I’ve just spent a year based in Madrid, trying to understand Spain. I have travelled from Valencia to Cádiz, often on high-speed trains, pursuing a kind of glorious seafood-fuelled study mission. My preliminary conclusion: this is the world’s most liveable country, albeit even more for privileged foreigners than for the average Spaniard. But climate change could be particularly devastating here.
You’d think climate would be a hot dry country’s top priority, but in fact Spaniards spend more time arguing about national unity. Spain’s great modern trauma was Catalonia’s illegal referendum on independence in 2017. The federal government sent in baton-wielding police, and nine separatist organisers of the referendum were jailed for up to 13 years. In response, flags were hung from balconies nationwide as people expressed their visions of Spain. You can often read a neighbourhood’s political character just walking down the street: national flags in bourgeois Madrid neighbourhoods, various versions of Catalan flags in Barcelona, and elsewhere, increasingly, flags of other regions. Growing anxiety over national unity propelled the far-right nationalist party Vox into parliament in 2019.
Polarisation could worsen if the conservative People’s party and Vox win next year’s national elections and crack down on Catalonia. But for now, I’m impressed with how the Socialist-led government is defusing tensions, pardoning the jailed separatists and negotiating compromises – often grubby ones – with Catalanist parties. That’s how a multinational democracy is meant to work. Flags are coming down and Catalan support for independence is plummeting, partly as people realise it won’t happen: no foreign country recognised Catalan independence.
More broadly, despite political corruption, Spain’s ruling elite has many achievements. As the writer Javier Cercas says, the past 40 years have been the country’s best ever. Democracy has been stabilised, Basque terrorism defeated and the rare transition to high-income status achieved. Public infrastructure is largely recent and therefore excellent. Life expectancy, now 84 years, is projected to be the world’s highest by 2040. True, the average Spaniard spends that life in a low-quality flat, often in a Soviet-looking apartment block, on a net median annual income of €15,892. But improvement continues. With permanent contracts burgeoning, unemployment – so long the national scourge – is at its lowest since 2008.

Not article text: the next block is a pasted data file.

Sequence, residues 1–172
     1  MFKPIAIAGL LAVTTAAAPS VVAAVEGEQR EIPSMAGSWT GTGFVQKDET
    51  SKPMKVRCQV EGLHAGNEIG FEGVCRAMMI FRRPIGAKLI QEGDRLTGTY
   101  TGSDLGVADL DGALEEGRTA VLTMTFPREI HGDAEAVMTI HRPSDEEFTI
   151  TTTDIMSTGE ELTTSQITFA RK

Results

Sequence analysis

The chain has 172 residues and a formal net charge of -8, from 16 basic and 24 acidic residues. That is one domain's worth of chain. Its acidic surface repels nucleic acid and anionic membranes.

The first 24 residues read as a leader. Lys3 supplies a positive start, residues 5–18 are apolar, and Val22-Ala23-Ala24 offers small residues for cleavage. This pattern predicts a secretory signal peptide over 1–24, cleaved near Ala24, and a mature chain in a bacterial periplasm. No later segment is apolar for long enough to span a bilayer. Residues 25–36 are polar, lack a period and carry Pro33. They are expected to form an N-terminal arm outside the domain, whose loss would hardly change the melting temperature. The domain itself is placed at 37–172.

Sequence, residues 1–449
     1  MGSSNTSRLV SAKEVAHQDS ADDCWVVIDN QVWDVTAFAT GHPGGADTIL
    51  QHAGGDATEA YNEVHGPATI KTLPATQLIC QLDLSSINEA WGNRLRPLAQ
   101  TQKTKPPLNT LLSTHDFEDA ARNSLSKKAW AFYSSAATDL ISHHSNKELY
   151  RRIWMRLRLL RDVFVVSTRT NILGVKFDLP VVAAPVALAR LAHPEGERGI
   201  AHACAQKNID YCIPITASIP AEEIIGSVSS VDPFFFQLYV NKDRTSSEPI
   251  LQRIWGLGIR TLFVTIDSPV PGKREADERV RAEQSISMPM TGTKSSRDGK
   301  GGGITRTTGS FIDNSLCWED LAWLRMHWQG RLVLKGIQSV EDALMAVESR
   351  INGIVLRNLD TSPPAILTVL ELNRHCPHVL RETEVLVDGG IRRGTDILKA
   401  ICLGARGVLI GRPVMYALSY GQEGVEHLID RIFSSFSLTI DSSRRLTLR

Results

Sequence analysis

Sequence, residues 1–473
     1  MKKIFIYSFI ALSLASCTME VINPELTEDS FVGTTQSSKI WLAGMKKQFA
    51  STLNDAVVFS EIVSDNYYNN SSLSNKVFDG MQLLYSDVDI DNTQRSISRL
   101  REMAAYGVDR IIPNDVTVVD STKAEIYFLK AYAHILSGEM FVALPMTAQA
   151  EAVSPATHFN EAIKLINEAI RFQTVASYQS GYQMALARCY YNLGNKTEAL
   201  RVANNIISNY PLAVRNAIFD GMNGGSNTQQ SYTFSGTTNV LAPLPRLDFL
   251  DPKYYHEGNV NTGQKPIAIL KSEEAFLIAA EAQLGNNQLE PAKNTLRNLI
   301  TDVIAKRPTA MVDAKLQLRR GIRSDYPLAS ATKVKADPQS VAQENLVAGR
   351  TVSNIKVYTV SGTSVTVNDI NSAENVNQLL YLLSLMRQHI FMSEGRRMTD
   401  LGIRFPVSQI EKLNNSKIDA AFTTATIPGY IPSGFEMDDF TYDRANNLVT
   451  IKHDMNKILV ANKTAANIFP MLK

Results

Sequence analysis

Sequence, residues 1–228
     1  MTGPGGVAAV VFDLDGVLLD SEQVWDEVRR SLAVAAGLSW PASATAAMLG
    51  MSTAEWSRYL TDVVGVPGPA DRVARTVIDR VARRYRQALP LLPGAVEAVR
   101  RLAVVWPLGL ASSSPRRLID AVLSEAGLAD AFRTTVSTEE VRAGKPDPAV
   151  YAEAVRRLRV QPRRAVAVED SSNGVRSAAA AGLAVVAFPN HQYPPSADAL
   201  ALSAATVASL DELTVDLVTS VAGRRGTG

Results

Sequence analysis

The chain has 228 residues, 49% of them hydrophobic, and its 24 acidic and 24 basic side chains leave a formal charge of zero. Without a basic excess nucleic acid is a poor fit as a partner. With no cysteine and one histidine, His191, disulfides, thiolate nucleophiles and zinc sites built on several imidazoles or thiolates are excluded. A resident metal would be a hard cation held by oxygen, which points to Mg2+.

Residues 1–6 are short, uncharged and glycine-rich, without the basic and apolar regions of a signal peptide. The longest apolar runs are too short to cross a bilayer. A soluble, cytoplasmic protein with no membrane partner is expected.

The country’s economic geography has rearranged itself. Madrid has become a boomtown, the London of Spain, and something of a tax haven. It has overtaken Barcelona as a business centre, sucking in companies, growing an almost Chinese-style new business district and competing with Miami to become the capital of the Spanish-speaking world, as Argentinians, Venezuelans et al flee to a functioning country.
But there are two Spains: one inhabited, the other almost empty. Moments after your train leaves Madrid or the coasts, you’re in the almost abandoned interior. Outside Madrid, the vast region of Castile-León, ruled by the People’s party and Vox, has been depopulating for decades. Some villages have shrunk to a few dozen pensioners without a doctor. Here’s one image I’ll retain of Spain: an uninhabited red-roofed farmhouse, alone amidst brown fields, with the only sign of human activity a clutch of distant wind turbines.
The government seems to have quietly decided that the interior’s depopulation is unstoppable. In Empty Spain, people are making way for the area’s last two assets: sun and wind. In fact, the Spanish interior is Europe’s biggest renewables opportunity. Already, wind and solar generate nearly half the country’s electricity. The €140bn due to Spain from the EU’s recovery fund could accelerate the trend. Spain’s government wants dying villages to rent land to renewables companies. Inconveniently, though, many locals prefer industries in which they themselves could play a role.
Spain’s coming crisis is climate change. The orange dust on our balcony this spring, blown in from the Sahara, felt like a portent. Parts of Spain are at their driest in a millennium. I’m writing this beside a whirring electric fan in Madrid, where temperatures have topped 35C for weeks. Some regions get hotter than 40C, which isn’t liveable.
The cracked, barren fields seen from train windows look north African. The grape harvest in Jérez began on July 28, the earliest in the region’s history. Already, desertification affects about a fifth of Spain’s land. Farming with boundless irrigation isn’t a long-term strategy. Millennia-old Iberian agriculture may be dying out. And I suspect tourism will gradually shift from Spain’s overbuilt south coast to the lovely cool north, as summer heat morphs from attraction into threat.
I’m returning to Paris, but this isn’t adiós, just hasta luego (see you later) to what I hope will remain the world champion of liveability.
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